Yeah, I think patents do more harm than good. Often they are made by people who can't bring the product to market, have not worked out the details, want a million dollars, and have broadly claimed it so no functionally similar invention can be brought to market.
I once invented a simple silent rachet but could not sell it because someone else designed one of such complexity that I doubt they built it or that anyone could know if theirs would even work. Yet their specific claim lets them make a broad claim to include all else including my simple design.
I believe to get a 20 year patent, one should have a working marketable model. Otherwise they should just get a year to make it work. But that is another trade-off issue.
I hope slumped mirrors have not been patented.
Yes, I'll have fun. If I can't go hiking with my bad knee, I might as well explore materials science in my shop while on my wheely chair.
I have 40+ so far, some already expired. The rules (United States) have been tweaked to encourage/require transition to production, else the patent gets free license to others... something to that effect (Good!) Most of the places where I worked, or contract to... would not even consider patenting unless we were rocketing into production ASAP. Just sitting on patents is pretty much a thing of the past.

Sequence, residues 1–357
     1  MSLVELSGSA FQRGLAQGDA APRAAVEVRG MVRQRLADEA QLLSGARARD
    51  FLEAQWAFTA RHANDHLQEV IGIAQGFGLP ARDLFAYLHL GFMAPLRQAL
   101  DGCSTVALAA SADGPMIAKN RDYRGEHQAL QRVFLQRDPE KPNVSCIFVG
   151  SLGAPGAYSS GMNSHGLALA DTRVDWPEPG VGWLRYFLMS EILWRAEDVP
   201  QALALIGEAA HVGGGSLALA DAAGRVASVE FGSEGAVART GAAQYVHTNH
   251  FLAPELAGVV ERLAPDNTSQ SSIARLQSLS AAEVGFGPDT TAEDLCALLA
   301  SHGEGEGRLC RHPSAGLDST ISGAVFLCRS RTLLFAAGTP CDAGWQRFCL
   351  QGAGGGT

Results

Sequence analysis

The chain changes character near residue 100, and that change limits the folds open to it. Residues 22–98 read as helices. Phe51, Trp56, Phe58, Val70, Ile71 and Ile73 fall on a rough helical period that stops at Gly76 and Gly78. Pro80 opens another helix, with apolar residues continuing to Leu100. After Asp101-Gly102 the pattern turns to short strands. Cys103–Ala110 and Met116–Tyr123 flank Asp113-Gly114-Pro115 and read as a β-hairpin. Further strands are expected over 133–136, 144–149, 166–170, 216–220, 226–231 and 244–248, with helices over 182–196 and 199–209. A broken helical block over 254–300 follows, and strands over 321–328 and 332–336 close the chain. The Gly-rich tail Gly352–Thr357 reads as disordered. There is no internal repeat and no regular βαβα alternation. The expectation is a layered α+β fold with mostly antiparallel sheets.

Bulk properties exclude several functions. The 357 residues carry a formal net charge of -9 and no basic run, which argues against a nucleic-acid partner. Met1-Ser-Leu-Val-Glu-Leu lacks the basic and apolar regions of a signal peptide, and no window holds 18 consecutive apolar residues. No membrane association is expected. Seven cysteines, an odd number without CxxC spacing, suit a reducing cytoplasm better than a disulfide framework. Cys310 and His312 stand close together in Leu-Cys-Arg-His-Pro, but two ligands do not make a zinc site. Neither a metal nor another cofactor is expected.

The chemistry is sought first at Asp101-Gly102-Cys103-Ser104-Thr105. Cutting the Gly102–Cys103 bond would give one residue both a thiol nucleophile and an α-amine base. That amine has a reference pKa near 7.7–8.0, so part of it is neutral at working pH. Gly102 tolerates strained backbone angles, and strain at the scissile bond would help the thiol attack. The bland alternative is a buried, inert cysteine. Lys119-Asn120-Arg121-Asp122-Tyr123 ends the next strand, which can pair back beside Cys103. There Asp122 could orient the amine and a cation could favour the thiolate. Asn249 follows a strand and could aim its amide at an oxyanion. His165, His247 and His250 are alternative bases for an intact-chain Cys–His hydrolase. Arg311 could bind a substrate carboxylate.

Prototyping was By Far the most fun part of the entire process! >>>
>team gets assigned another "Impossible Problem"
>anyone/everyone dreams up solutions (the crazier the better!)
>concepts enter committee, nearly all get shot down, couple/few get the go-ahead
>champions sweat bullets, arses and reputations on the line
>more hurdles, convincing
>customer awards production contract
>produce, test, deliver
>success or failure
Ummm... I don't think you need worry that slumping is any longer patent-protected !
An Improved Mouse Trap:
6. The apparatus claimed in claim 1, wherein the slumping boule descends upon the mouse, igniting it beyond survivability.